JeffMc's Technical Blog

Where I talk about code and methods

Bad C Coding

Back 20 Years ago, I had the job of moving Microsoft’s Windows NT operating system to the Digital Equipment Corp’s Alpha processor. During this project, one of the things I found out is how bad some people code in C, and the effects that has using compilers you have no control over.

Lets look at an example:

            for (int i = 0; i < MAX_TABLE_SIZE; i++) {

                *s++ = &s[i];

            }

What does this do? Well the attempt by someone in the Win32 layer was to initialize a table. Now, as long as the code was compiled with the MS C compiler, it worked. But, using the DEC supplied strict ANSI-C compiler (it was initially DEC’s Alpha Unix 64bit compiler with a 32bit address mode.), the results were bad. This is due to using the variable “s” on both sides of the expression, and altering such variable at some point.

The “Bible of C” “The C Programming Language” by Dennis Ritchie and Brian Kernighan states on page 200, Appendix A (second edition of the book):

“The precedence and associativity of operators is fully specified, but the order of evaluation of expression is, with certain exceptions, undefined, even if the subexpression involve side effects. That is, unless the definition of an operators guarantees that its operands are evaluated in a particular order, the implementation is free to evaluate operands in ANY order or even to interleave their evaluation.”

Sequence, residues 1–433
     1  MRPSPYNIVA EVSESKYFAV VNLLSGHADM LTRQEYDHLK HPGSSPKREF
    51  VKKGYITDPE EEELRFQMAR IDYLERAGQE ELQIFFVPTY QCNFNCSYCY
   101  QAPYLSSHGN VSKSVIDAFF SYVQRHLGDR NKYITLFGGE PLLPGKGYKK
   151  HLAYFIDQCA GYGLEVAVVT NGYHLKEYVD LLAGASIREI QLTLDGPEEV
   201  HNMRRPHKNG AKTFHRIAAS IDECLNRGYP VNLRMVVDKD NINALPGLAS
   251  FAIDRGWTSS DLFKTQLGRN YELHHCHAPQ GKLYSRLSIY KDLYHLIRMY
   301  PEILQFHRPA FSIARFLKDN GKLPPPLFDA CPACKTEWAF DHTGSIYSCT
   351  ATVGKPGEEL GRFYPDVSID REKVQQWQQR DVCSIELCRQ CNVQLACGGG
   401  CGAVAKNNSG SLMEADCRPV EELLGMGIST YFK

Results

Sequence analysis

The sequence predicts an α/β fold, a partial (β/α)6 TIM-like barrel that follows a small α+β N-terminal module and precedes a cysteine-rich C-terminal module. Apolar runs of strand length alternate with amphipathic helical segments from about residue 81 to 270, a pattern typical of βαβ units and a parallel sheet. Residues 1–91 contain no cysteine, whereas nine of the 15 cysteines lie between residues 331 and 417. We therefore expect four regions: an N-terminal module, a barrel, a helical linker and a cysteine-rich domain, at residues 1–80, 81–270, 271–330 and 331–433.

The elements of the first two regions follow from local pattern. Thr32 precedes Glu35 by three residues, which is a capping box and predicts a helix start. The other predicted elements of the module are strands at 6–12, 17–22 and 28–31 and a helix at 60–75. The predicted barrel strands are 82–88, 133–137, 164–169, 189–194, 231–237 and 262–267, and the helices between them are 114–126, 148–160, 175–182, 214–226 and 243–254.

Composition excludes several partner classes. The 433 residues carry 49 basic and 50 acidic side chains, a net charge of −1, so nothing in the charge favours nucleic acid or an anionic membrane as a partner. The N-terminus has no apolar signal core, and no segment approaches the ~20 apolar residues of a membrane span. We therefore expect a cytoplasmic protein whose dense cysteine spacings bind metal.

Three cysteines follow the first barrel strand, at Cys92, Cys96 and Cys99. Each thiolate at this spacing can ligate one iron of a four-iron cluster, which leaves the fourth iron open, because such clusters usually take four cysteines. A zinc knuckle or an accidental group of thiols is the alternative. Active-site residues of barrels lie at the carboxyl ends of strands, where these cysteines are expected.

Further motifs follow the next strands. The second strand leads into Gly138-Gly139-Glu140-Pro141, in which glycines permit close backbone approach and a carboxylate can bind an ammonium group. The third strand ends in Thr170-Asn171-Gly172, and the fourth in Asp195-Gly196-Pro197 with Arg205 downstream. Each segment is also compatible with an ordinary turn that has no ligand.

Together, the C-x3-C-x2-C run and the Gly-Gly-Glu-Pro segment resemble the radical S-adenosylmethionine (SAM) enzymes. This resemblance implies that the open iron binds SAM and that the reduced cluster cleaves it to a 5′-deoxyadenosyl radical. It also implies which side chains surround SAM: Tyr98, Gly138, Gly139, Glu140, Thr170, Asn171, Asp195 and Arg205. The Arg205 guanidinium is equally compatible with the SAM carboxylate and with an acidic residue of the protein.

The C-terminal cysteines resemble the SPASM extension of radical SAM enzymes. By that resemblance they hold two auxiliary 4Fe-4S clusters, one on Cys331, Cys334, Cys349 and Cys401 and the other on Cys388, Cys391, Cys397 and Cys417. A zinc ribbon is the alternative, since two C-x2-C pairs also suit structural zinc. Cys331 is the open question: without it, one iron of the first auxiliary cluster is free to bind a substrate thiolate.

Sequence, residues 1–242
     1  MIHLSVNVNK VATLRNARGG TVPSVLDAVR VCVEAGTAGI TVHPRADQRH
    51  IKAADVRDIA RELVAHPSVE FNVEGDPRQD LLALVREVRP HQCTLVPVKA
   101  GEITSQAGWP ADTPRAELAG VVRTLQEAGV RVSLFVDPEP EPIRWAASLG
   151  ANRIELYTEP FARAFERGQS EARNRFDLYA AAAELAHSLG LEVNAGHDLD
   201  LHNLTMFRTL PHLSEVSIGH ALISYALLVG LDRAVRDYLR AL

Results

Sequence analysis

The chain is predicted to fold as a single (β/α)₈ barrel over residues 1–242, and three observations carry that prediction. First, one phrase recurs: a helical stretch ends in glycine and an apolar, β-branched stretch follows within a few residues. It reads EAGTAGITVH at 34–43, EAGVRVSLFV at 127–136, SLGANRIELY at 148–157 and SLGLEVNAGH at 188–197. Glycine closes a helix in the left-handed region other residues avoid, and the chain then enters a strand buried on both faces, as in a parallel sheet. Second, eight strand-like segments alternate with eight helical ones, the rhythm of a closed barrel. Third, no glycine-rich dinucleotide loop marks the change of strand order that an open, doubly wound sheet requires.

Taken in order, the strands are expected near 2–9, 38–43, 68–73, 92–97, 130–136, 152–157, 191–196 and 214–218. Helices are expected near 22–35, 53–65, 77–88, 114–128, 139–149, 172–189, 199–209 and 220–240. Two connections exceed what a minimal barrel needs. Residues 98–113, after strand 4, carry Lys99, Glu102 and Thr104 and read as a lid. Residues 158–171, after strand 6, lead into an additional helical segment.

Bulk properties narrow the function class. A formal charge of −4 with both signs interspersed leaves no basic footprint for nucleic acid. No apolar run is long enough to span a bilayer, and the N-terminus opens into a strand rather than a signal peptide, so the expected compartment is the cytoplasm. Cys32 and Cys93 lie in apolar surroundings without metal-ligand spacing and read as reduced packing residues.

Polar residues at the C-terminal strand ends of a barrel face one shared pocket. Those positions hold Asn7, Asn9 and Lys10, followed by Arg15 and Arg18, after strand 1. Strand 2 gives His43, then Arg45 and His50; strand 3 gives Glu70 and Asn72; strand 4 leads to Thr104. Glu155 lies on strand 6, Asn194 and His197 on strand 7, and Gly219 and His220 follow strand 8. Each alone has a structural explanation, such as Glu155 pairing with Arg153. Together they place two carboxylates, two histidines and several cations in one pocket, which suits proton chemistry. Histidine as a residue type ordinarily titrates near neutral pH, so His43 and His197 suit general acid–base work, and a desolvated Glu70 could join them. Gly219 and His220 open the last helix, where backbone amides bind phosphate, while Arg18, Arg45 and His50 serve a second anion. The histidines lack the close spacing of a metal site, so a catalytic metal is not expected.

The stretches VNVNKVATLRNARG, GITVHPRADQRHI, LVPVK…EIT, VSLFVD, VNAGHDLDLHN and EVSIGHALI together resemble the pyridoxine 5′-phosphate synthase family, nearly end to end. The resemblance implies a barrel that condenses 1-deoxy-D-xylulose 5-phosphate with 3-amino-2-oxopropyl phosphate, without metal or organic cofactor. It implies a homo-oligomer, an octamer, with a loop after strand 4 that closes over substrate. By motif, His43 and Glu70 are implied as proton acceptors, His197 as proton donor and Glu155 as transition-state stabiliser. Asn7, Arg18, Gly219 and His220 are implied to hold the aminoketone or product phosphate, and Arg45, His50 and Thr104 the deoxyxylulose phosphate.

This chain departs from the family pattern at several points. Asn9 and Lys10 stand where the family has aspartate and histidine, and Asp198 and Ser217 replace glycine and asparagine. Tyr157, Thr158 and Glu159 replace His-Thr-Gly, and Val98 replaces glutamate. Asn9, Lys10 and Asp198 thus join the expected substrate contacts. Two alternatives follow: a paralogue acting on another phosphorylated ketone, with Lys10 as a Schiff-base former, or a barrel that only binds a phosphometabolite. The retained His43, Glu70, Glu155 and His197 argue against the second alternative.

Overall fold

So, given the above statement, what is the precedence? Do we provide the address of s[i], or do we use &s and then use the index? Do we auto increment s, before we do &s[i]?

As you can see, it is dependent on compiler. Nowadays, there is either gcc, clang or MSVC. But back in those days, we had 2 compilers on three different architectures. i386 and MIPS used MSVC and Alpha used DEC’s ANSI-c compiler. i386 and MIPS were 32 bit machines, and Alpha was a 64 bit machine (with canonical 32bit pointer support).

I ask when i am interviewing someone if they can see the error in the above statement, and they simply say nothing is wrong. While with today’s compilers, it “might” work, one still has to say it is bad C code.

Namaste’